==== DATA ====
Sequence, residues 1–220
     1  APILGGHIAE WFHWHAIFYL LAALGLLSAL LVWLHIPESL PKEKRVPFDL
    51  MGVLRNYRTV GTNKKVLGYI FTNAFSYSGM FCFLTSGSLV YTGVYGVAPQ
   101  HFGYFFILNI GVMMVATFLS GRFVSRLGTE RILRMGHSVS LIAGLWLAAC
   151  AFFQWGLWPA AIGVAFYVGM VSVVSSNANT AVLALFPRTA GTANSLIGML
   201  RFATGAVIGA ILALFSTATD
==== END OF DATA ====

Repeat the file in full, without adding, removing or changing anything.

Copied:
Sequence, residues 1–220
     1  APILGGHIAE WFHWHAIFYL LAALGLLSAL LVWLHIPESL PKEKRVPFDL
    51  MGVLRNYRTV GTNKKVLGYI FTNAFSYSGM FCFLTSGSLV YTGVYGVAPQ
   101  HFGYFFILNI GVMMVATFLS GRFVSRLGTE RILRMGHSVS LIAGLWLAAC
   151  AFFQWGLWPA AIGVAFYVGM VSVVSSNANT AVLALFPRTA GTANSLIGML
   201  RFATGAVIGA ILALFSTATD